Wednesday, August 31, 2011
In fairness to Ludwig von Mises (whom Michael Lind uses, cynically and dishonestly, as example of libertarian softness on fascism; see post below), you have to look at the historical moment he was writing about. Mises understood that the choice in Italy was between Mussolini and the Leninists. In real terms, there was no third choice at that point. He did not accept the Fascist program in the least and condemned its inherent violence. But in the short run he thought it was better to keep the Leninists from imposing their monstrous regime. He made a choice between two forms of totalitarianism, and took what he saw as the lesser. (Given what was going on in the Soviet Union, was he wrong? It was an abattoir in which entire classes of people were being exterminated.) Liberalism was not an option.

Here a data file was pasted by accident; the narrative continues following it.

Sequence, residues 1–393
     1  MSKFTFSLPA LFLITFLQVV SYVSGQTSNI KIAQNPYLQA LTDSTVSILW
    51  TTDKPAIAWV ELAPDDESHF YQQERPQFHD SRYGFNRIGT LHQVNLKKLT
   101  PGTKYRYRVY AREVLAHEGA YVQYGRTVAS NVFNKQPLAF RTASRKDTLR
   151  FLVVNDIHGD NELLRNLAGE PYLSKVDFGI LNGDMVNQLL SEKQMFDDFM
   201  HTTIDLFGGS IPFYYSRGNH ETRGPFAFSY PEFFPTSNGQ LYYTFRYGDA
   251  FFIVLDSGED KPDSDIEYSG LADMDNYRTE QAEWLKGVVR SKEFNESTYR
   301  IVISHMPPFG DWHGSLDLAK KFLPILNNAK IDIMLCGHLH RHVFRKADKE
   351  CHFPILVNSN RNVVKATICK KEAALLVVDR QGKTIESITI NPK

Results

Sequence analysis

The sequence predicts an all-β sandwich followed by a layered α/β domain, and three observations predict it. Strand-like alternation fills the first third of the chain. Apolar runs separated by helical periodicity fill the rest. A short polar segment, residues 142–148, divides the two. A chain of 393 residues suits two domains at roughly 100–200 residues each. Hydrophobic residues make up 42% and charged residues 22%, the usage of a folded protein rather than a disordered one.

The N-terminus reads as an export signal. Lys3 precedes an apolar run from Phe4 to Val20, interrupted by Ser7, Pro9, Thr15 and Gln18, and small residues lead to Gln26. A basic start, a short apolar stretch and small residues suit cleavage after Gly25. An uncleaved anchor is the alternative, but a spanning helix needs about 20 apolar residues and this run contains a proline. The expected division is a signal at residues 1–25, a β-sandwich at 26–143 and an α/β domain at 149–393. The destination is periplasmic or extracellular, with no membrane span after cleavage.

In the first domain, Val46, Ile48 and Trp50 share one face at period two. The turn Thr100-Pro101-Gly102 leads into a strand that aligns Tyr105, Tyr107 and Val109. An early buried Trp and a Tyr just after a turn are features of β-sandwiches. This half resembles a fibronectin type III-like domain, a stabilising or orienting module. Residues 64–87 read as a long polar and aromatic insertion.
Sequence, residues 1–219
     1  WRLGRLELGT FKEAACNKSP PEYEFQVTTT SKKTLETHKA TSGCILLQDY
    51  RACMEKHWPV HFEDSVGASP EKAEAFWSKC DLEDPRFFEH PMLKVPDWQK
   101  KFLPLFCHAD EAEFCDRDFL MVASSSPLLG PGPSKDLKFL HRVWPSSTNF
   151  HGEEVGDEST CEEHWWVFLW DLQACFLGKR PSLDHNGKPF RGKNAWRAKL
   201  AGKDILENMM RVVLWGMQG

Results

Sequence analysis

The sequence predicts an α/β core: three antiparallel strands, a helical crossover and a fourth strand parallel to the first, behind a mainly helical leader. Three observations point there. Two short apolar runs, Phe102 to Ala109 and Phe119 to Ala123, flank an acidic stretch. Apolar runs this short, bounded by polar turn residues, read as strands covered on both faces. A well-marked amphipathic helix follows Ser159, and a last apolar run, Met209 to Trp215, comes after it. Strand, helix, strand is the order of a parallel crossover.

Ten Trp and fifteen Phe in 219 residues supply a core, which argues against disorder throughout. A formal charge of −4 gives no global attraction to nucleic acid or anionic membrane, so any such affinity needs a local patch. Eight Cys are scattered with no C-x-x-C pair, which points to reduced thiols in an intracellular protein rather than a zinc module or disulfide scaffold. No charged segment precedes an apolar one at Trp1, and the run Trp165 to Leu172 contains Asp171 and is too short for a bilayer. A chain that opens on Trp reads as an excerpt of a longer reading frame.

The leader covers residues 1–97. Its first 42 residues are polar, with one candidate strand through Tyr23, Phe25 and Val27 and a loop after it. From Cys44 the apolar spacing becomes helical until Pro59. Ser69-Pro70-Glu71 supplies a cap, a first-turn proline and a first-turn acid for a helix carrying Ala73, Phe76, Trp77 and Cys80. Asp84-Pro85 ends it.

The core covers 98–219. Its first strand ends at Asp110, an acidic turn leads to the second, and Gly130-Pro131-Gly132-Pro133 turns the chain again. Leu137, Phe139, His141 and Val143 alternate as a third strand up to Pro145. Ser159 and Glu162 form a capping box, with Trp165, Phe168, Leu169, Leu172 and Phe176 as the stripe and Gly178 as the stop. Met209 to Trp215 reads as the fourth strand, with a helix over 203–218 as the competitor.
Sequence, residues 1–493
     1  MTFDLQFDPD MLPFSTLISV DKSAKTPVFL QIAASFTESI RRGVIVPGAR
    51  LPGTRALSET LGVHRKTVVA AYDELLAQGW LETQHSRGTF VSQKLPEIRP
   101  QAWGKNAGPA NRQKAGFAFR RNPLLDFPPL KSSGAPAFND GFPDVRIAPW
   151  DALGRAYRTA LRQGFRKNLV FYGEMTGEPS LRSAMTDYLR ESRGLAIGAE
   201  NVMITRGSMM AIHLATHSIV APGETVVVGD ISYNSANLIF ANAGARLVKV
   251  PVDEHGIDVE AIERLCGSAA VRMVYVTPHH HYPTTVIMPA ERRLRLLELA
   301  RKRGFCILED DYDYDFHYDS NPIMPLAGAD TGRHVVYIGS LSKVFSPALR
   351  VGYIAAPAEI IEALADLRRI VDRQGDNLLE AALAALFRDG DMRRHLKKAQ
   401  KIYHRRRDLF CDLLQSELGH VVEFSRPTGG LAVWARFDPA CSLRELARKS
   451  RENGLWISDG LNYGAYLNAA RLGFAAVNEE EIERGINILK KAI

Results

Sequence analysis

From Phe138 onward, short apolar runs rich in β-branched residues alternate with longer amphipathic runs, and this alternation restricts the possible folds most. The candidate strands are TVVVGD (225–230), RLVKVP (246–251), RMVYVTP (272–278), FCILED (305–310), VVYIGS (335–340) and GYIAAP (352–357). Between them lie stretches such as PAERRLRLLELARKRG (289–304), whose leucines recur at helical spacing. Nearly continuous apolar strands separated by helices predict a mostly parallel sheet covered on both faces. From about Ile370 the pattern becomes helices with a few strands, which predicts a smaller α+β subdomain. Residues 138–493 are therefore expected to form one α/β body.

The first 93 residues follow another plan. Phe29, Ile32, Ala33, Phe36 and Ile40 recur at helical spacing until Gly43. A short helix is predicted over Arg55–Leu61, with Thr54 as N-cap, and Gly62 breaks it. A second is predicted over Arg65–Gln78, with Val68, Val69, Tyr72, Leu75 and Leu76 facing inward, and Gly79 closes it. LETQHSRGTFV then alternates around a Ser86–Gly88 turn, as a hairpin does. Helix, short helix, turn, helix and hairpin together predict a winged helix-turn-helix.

Postscript: There is a big difference between what Mises wrote and any nice words Hayek and Friedman may have had for Pinochet and his economic program. Mises had nothing good to say about Mussolini's program, nor did he have hopes that autocracy could usher in free markets. Lind shamefully lumped all three together.